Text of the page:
Feb 01, 2021 / Git

Pushing, Pulling, & Merging

Local changes are synced to remote repositories (in GitHub) using actions called pulling, pushing, and merging.


Changes you’ve made locally can be added to the remote repo by pushing. After making a commit(s), invoke the command to upload and apply your local changes, making them available to everyone else.

git push

Pushing A Branch For The First Time

If the branch you’re on does not exist in GitHub yet, git will prompt you to set up a remote version with an ominous message:

fatal: The current branch <branch-name> has no upstream branch.
To push the current branch and set the remote as upstream, use

git push --set-upstream origin <branch-name>

Just copy and paste the last line.


If a branch on your local machine is out of date, you can update it with the pull command. Doing so will download and apply any commits that you don’t have locally.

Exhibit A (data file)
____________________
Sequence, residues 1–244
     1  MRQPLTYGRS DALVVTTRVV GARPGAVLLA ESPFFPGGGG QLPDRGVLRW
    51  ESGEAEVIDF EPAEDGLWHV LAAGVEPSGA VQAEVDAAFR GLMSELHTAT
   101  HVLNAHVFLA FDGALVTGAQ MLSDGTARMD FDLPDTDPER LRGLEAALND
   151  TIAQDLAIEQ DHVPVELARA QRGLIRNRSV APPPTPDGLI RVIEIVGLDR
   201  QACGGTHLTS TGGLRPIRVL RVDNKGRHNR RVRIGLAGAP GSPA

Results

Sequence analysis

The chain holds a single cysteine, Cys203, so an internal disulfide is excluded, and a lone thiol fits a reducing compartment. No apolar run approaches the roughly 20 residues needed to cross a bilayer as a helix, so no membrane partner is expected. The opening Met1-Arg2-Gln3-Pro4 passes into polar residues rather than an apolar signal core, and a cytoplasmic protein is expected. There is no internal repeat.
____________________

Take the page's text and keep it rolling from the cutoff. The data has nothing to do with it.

git pull


Branches are combined by merging them together. The process is carried out automatically by git. You specify a source and a destination, and git will algorithmically combine all of the commits from both branches. The source branch will remain unchanged, and the destination branch will be updated. You can safely delete a source branch after it’s been merged.

Merging can be done in GitHub, or from the terminal. At Upstatement, we usually do it in GitHub.

Merge Conflicts

Sometimes two branches contain conflicting changes that git can’t automatically resolve, causing a merge conflict. We try to mitigate them by planning, isolating, and keeping branches small, but they’re ultimately unavoidable.

When GitHub encounters a merge conflict, it will prevent merging until you update the source branch to remove the conflict, or make a resolution in GitHub’s web editor.